From 2009 to 2012, Ambassador Feeley served as deputy chief of mission and chargé d’affaires at the U.S. Embassy in Mexico City, where he managed a 37-agency country team that implemented the Merida Initiative. He has also been the Department’s Director for Central American Affairs and Deputy Director for Caribbean Affairs. From 2004 to 2006, Mr. Feeley served as a Deputy Executive Secretary in the Office of the Secretary of State, where he was responsible for managing information flow to Secretaries Powell and Rice, as well as coordinating their overseas travel.

A 2004 Distinguished Graduate of the National War College, Mr. Feeley’s overseas assignments include two tours in Mexico City, Santo Domingo, and Bogota.

Prior to joining the State Department in 1990, Mr. Feeley served on active military duty as a helicopter pilot in the United States Marine Corps. He is a graduate of Georgetown University’s School of Foreign Service and is married to retired career diplomat, Cherie Feeley. The Ambassador and his wife speak Spanish. The couple has two adult sons and one grandson.

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Amb. Hoekstra Apologizes For Netherlands Comment: “It Was Wrong”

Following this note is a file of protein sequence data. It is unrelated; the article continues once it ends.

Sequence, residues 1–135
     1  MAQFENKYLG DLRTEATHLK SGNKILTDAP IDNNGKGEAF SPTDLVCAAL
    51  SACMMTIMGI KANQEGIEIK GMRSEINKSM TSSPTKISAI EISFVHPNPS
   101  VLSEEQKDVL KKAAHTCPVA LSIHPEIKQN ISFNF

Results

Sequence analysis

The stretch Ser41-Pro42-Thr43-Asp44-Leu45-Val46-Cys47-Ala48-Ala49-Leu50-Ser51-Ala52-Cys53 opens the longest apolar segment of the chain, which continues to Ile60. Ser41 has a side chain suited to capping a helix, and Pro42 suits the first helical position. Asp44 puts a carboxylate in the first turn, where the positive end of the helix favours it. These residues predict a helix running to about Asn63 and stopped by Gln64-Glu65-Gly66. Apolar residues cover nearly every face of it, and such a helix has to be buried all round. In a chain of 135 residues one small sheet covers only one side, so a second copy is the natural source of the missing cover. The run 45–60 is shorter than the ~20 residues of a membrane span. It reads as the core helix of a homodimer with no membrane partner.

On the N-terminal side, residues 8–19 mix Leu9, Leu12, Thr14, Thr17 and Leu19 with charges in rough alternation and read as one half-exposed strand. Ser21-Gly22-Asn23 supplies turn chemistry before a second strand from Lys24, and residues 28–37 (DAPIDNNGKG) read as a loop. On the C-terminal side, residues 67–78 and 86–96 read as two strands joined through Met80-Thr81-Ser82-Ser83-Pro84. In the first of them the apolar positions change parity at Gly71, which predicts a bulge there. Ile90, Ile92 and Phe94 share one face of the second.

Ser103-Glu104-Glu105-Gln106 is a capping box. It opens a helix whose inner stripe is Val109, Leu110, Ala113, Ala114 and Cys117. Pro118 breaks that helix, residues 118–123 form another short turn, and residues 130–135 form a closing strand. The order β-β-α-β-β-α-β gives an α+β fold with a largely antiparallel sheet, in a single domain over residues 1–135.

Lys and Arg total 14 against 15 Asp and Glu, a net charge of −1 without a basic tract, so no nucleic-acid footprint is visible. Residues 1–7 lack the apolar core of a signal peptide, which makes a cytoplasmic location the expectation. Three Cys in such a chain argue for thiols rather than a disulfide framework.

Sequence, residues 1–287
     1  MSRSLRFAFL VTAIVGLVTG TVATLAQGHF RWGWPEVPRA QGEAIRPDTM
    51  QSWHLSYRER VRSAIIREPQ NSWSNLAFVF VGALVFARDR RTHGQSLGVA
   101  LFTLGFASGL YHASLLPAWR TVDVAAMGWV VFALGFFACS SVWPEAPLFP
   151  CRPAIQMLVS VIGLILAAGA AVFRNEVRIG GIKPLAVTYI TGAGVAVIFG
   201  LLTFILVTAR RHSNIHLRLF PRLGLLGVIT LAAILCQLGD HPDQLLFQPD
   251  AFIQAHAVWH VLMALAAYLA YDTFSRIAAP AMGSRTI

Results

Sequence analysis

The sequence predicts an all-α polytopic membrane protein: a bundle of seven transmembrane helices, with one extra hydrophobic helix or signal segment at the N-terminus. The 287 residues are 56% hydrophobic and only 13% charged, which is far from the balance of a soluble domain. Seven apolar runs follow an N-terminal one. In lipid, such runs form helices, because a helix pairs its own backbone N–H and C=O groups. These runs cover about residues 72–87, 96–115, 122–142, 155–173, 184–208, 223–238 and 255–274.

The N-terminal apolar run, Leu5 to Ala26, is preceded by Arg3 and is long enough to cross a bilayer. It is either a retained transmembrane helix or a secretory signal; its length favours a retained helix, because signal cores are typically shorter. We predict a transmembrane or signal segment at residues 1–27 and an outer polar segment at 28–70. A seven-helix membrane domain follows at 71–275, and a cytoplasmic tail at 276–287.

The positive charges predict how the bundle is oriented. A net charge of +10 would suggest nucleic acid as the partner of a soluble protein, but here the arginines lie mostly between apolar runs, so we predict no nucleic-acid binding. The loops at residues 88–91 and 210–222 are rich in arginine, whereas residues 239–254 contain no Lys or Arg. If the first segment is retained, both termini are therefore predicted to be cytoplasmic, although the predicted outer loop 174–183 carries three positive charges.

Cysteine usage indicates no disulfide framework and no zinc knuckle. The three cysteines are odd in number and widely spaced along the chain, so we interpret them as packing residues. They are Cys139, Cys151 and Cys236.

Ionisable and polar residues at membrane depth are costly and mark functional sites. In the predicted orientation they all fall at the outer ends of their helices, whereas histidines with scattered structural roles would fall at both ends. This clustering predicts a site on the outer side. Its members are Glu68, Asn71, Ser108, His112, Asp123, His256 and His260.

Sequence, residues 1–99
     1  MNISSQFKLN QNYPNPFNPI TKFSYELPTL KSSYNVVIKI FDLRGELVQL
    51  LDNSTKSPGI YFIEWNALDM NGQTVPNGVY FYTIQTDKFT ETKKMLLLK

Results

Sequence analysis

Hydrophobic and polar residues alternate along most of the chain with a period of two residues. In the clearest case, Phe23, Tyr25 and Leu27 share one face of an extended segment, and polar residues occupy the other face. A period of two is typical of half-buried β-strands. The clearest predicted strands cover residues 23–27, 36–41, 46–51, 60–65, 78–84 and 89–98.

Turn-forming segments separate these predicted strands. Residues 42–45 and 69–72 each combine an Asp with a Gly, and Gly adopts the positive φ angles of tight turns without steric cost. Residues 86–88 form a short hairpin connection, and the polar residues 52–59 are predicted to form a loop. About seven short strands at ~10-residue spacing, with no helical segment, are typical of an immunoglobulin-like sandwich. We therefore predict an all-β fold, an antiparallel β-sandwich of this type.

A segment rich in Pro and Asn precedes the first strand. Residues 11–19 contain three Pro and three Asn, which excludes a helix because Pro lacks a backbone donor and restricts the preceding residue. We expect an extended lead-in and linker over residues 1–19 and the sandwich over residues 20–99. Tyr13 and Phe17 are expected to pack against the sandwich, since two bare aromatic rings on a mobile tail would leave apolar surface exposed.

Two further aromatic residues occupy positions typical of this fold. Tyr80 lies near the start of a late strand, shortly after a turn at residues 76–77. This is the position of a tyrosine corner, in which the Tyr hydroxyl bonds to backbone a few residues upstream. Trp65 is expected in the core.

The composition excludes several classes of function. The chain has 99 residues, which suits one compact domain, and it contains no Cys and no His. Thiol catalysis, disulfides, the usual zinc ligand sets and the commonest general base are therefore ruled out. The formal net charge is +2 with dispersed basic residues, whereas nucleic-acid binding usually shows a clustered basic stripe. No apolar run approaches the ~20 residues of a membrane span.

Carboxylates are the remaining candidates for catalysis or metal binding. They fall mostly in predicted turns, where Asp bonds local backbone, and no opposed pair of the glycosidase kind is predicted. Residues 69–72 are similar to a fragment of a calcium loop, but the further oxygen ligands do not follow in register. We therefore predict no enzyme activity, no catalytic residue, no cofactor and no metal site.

Posted: 4:42 am ET

 

We previously blogged about the new U.S. Ambassador to the Netherlands here:

On January 12, two weeks after he first issued his ‘non-apology’ apology, Ambassador Hoekstra finally admitted during an interview with De Telegraaf that what he said about the Netherlands “was wrong.” The apology came after headlines calling the top American representative in the Netherlands “Lying Pete Hoekstra” and the lying Dutchman, and after the State Department “made clear to the ambassador that – that he must move to get this behind him.”

On January 11, U/S Goldstein told members of the press that they “should turn into that interview tomorrow” in reference to the long-form interview that turned out to be one with De Telegraaf.  As of this writing, we have searched but have not been able to locate a transcript of Ambassador Hoekstra’s interview where he offered his apology.  There also is no mention of this interview nor the transcript of the interview on the website of U.S. Embassy The Hague.